Following my right hon. and learned Friend's positive response to my hon. Friend the Member for Northampton,
North (Ms Keeble) about the Debt Relief (Developing Countries) Bill, can she say whether she has received any approach from the shadow Leader of the House, whose garrulous ramblings failed significantly and deplorably even to refer to the Bill, to say that the Opposition-a member of whom blocked the Bill-will now co-operate in both Houses to make this desirable legislation law by the Dissolution?
Ms Harman: I thank my right hon. Friend for raising that point. It is not good enough for the shadow Leader of the House to nod that he supports the Bill: he needs to sort the situation out on his side. The Debt Relief (Developing Countries) Bill and the Sustainable Communities Act 2007 (Amendment) Bill are important Bills. The Opposition say that they support them, so they should get their act together and stop these Bills being blocked.
Tony Baldry (Banbury) (Con): The UK Border Agency kindly has a hotline for Members of Parliament and their staff to use to take up cases. May I write to the right hon. and learned Lady to demonstrate that, increasingly, when we telephone the hotline, staff just say that they cannot help us? An ever-increasing number of immigration cases therefore end up in permanent limbo in the system. That is very cruel to the constituents concerned and very frustrating for their parliamentary representatives who cannot do more for them.
Ms Harman: This issue is kept under continuous review by Ministers in the Home Office. Indeed, as a constituency MP I have much experience myself of the Members' hotline and I do not recognise the hon. Gentleman's depiction of it. There has been a dramatic reduction in the time it takes to determine cases. No one wants constituents to be left in limbo and subject to uncertainty. The time taken has been dramatically reduced, and I pay tribute to the helpline whose staff do everything they can to help us to help our constituents.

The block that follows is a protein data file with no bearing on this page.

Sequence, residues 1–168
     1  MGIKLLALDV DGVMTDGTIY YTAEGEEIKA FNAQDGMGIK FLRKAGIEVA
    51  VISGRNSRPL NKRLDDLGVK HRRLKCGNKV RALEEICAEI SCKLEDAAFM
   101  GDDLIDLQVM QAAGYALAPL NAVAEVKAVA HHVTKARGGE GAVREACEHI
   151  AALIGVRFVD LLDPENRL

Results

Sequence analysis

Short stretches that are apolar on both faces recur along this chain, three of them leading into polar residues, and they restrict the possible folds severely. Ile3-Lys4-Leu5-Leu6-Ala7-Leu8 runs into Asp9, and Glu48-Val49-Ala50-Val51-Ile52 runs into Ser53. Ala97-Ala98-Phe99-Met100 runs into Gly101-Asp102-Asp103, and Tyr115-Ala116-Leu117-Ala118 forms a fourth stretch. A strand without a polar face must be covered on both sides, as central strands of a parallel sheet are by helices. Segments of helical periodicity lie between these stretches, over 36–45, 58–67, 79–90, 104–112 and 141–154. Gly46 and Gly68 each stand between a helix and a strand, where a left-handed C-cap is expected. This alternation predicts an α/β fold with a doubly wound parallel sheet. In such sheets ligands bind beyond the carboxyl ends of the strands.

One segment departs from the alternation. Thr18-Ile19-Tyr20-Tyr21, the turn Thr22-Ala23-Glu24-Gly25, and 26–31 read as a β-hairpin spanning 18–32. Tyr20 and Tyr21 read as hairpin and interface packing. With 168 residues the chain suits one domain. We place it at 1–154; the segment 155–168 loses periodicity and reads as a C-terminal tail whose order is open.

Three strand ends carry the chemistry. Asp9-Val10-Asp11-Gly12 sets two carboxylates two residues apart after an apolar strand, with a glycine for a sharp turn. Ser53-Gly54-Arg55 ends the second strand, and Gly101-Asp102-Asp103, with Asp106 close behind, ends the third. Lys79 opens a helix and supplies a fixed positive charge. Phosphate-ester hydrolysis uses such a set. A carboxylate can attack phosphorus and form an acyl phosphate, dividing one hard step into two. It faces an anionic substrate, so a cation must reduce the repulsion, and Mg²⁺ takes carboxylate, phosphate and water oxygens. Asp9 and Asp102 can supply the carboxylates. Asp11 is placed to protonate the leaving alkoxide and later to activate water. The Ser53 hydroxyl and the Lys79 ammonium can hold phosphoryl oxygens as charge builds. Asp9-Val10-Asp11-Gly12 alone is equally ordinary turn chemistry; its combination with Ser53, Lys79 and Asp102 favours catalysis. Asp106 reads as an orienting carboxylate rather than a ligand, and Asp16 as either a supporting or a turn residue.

Mr. Tom Watson (West Bromwich, East) (Lab): It now seems likely that the two Opposition Front-Bench teams will have as much influence on the outcome of the Digital Economy Bill as my right hon. and learned Friend the Leader of the House. If they allow their shadow Ministers to collude with the music industry to bounce through complex copyright proposals in the wash-up, they will be enabling a democratic impropriety to take place. Will she work with business managers to bang some heads together in Departments?
Ms Harman: My hon. Friend has aired concerns that have been aired by other hon. Friends and across the House. I am sure that they will have been heard by Ministers, but if they have not, I will bring them to their attention.
Sir Nicholas Winterton (Macclesfield) (Con): May I be very gracious, speaking from the Opposition Benches, and thank the right hon. and learned Lady for honouring her response to me last week when I asked her a question about the Falkland Islands? The Minister responsible at the Foreign and Commonwealth Office has seen me and said that a letter is on its way to me.
My question to the Leader of the House is a very simple one: she has announced the business, including a debate the week after next on international development. Will she try to ensure that it goes ahead, not just for